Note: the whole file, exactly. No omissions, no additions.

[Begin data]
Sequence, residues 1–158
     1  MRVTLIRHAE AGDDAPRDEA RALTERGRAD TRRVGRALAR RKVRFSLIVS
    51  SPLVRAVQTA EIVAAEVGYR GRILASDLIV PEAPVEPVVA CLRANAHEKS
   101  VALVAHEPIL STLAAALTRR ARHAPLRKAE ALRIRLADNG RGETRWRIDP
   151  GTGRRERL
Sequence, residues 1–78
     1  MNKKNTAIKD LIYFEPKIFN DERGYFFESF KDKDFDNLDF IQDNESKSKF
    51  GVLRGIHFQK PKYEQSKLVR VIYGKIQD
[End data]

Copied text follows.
Sequence, residues 1–158
     1  MRVTLIRHAE AGDDAPRDEA RALTERGRAD TRRVGRALAR RKVRFSLIVS
    51  SPLVRAVQTA EIVAAEVGYR GRILASDLIV PEAPVEPVVA CLRANAHEKS
   101  VALVAHEPIL STLAAALTRR ARHAPLRKAE ALRIRLADNG RGETRWRIDP
   151  GTGRRERL
Sequence, residues 1–78
     1  MNKKNTAIKD LIYFEPKIFN DERGYFFESF KDKDFDNLDF IQDNESKSKF
    51  GVLRGIHFQK PKYEQSKLVR VIYGKIQD